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Dialectical Anthropology

, Volume 34, Issue 3, pp 395–417 | Cite as

Traveller or tourist? Jack Kerouac and the commodification of culture

  • Roger BillEmail author
Article
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Abstract

Jack Kerouac, the author of On The Road, was a central figure of the Beat Generation, a generation which rebelled against middle-class conformity in post–World War II America. Kerouac described himself as “a religious wanderer” (Kerouac 2006: 2), but an examination of his texts and life suggest his travels may also be understood as tourism. Viewed through the prism of tourism, this study will argue, for example, that MacCannell’s notion of the tourist’s quest for reality and authenticity (MacCannell 1989: 3) provides some insight into why Kerouac wrote that just south of Macon, Georgia, he and his travelling companion Neal Cassady stopped and got out of the car, “and suddenly both of us were stoned with joy to realize that in the darkness all around us was fragrant green grass and the smell of fresh manure and warm waters” (Kerouac 1957: 115). As Kerouac rebelled against being, as one of his protagonists in The Dharma Bums put it, “imprisoned in a system of work, produce, consume, work, produce, consume” (Kerouac 2006: 73) he travelled across America on a rapidly improving network of highways, turning “mobility into a retreat” (Holladay and Holton 2009: 42). Kerouac alternately identified himself as a hobo (Kerouac 1973: 181) and “not a real hobo” (Kerouac 1973: 173), but this article asks whether Kerouac’s travels were those of the last in a line of wanderers rebelling against conformity and modernization or a precursor of mobile mass tourism in America.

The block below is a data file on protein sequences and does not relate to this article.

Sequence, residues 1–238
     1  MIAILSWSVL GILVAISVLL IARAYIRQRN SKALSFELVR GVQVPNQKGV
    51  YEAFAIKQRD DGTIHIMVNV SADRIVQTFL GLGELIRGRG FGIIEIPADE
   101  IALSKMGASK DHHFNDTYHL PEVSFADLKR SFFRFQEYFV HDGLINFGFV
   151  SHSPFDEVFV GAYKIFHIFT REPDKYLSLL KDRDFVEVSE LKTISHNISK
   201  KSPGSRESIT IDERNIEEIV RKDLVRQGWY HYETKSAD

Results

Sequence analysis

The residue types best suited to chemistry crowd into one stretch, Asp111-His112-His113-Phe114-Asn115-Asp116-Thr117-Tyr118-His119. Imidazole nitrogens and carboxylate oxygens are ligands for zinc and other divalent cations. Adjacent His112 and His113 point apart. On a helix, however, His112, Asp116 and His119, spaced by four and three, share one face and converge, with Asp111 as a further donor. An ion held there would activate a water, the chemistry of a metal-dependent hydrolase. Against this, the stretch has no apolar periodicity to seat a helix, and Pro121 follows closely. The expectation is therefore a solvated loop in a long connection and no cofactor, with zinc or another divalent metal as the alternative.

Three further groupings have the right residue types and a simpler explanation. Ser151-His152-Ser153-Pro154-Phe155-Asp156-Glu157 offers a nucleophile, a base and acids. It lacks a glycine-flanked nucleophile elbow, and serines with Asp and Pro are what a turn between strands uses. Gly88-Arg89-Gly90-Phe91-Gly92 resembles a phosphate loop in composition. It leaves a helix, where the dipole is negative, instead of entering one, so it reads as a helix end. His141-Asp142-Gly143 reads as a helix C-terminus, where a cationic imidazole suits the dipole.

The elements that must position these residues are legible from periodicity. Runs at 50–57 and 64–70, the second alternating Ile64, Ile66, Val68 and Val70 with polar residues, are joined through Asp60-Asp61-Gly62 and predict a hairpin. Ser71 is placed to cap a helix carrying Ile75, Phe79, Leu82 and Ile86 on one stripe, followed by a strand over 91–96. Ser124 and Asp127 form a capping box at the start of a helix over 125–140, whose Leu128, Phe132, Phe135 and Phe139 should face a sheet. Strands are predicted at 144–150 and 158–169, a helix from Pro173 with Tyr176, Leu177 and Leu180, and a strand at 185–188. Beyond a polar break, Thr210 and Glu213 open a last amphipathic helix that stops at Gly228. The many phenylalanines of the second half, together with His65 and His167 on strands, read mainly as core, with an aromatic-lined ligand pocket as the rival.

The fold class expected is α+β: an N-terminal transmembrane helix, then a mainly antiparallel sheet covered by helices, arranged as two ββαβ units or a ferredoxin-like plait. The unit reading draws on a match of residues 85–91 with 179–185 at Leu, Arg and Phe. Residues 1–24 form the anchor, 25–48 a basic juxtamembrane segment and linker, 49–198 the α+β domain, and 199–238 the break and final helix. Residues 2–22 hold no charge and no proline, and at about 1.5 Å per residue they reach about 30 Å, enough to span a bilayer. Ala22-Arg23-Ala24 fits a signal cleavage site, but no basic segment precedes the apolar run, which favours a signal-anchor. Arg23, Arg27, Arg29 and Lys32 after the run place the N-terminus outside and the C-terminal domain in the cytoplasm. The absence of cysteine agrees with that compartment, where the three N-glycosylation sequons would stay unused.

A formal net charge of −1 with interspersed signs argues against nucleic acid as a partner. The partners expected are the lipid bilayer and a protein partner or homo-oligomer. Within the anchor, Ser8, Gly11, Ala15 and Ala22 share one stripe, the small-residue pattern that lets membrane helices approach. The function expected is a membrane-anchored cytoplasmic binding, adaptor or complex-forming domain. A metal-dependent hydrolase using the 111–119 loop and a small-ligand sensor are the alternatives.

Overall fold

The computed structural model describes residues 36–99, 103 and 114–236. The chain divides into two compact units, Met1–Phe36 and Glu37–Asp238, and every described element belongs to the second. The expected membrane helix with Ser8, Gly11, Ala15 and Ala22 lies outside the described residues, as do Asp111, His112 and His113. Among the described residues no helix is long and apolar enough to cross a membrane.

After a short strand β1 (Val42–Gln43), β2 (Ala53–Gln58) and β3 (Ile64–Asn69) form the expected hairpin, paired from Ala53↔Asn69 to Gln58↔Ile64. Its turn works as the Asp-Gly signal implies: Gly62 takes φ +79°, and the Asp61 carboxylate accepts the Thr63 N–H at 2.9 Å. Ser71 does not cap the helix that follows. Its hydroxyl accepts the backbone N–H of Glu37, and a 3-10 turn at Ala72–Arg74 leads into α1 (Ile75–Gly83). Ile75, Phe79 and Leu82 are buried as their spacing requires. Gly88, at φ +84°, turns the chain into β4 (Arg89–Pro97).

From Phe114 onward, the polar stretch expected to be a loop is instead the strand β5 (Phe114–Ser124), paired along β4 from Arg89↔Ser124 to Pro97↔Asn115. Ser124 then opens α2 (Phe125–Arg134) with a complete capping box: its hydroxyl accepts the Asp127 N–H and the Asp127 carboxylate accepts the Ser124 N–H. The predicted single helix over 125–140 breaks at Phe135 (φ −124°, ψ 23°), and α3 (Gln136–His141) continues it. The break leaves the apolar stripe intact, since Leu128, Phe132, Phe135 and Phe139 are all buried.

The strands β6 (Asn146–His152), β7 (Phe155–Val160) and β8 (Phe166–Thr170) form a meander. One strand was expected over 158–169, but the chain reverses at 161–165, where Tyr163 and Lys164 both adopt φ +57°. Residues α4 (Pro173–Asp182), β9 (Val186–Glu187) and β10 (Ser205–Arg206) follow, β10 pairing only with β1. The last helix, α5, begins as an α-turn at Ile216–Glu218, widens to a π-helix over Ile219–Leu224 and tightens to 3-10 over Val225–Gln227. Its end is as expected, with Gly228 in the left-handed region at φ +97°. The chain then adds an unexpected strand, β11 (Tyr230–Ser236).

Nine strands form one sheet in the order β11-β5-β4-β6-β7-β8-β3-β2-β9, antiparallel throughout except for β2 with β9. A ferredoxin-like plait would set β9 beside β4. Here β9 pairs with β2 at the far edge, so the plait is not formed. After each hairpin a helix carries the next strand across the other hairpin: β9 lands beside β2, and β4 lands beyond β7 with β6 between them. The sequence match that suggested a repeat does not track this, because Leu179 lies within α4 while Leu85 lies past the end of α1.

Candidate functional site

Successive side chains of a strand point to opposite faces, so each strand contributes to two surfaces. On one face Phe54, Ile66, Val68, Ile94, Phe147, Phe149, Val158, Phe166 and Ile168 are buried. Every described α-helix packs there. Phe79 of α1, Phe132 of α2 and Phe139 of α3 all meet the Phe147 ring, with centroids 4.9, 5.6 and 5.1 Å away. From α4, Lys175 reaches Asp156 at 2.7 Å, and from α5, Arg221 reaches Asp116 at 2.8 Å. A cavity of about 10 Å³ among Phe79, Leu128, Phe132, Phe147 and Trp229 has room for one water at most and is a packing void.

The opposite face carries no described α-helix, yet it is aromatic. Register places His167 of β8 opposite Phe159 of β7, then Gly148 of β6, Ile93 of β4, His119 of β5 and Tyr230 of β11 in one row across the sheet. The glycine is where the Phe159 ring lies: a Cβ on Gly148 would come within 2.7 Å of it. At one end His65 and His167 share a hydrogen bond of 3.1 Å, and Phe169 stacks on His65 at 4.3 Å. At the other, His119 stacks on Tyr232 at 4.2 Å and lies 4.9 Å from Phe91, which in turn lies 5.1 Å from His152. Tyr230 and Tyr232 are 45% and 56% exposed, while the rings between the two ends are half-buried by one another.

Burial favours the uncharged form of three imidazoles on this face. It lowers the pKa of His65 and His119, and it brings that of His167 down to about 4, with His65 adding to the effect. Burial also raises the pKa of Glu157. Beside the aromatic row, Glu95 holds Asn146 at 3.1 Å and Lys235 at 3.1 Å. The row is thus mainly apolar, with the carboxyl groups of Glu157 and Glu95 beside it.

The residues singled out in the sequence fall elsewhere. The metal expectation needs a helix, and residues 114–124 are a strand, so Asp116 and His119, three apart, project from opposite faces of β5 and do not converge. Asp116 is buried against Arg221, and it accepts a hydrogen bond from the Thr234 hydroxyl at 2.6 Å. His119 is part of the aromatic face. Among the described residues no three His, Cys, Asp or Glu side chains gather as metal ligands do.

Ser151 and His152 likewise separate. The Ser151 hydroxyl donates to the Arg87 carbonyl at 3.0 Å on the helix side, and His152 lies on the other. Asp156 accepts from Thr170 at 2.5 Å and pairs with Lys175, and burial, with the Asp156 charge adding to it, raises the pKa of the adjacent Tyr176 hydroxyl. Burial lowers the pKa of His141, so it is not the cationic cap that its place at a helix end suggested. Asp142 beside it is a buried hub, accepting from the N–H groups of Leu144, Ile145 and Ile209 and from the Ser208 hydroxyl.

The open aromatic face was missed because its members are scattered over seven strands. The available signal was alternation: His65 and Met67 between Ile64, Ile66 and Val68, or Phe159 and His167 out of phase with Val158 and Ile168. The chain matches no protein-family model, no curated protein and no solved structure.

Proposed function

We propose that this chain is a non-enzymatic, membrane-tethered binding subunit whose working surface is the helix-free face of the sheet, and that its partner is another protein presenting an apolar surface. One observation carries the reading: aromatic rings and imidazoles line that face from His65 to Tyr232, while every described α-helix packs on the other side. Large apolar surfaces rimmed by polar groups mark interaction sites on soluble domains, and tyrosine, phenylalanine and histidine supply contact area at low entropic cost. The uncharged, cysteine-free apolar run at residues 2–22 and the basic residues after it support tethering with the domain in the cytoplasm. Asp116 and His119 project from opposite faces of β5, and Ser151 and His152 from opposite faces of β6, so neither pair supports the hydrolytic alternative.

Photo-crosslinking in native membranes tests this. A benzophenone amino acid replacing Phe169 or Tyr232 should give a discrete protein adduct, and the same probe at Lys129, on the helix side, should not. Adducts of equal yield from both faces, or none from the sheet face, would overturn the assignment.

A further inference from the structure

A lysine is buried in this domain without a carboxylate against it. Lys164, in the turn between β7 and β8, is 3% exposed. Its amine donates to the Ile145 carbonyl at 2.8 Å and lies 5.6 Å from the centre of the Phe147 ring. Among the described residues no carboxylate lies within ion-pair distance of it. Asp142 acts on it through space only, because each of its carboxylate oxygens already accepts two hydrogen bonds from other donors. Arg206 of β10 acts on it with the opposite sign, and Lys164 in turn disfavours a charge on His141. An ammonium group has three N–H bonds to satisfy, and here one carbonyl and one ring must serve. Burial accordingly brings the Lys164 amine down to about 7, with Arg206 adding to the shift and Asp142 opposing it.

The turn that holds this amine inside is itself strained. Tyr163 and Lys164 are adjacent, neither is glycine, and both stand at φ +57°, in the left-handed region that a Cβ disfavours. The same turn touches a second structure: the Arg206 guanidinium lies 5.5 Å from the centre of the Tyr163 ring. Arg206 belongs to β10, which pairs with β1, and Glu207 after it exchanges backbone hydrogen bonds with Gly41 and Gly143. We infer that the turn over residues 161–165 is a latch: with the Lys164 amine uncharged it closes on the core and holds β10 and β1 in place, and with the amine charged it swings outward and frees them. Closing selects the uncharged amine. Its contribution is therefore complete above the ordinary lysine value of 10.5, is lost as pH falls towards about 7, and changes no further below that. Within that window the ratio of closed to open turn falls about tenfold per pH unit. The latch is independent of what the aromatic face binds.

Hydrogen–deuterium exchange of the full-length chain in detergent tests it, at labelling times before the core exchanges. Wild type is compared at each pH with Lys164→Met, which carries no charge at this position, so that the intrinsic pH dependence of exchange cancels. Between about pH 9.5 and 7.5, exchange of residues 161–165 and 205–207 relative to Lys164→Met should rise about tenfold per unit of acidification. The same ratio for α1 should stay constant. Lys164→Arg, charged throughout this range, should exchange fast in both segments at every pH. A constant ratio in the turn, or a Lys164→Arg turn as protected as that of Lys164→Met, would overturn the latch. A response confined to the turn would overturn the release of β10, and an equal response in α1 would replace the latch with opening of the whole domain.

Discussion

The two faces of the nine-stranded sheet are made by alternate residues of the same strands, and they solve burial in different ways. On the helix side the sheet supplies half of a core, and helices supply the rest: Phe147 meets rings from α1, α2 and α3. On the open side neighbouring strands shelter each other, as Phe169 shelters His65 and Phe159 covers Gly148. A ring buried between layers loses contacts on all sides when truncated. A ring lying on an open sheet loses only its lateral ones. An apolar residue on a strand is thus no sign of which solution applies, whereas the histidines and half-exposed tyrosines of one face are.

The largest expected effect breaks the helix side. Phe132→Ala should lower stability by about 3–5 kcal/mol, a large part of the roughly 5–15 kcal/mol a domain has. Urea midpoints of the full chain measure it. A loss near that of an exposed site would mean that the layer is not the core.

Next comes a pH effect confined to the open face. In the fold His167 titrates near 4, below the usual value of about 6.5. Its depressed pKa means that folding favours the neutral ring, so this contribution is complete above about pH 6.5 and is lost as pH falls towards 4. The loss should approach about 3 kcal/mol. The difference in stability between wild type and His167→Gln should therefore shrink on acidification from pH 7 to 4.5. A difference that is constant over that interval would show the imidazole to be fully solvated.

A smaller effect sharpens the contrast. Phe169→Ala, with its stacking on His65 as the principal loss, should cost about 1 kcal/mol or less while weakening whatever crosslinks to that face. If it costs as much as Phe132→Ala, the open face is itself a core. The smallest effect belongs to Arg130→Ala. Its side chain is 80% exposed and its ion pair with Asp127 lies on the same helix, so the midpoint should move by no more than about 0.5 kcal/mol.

Keywords

Culture Tourism Authenticity Leisure Kerouac 

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Copyright information

© Springer Science+Business Media B.V. 2010

Authors and Affiliations

  1. 1.Memorial University of NewfoundlandSt. John’sCanada

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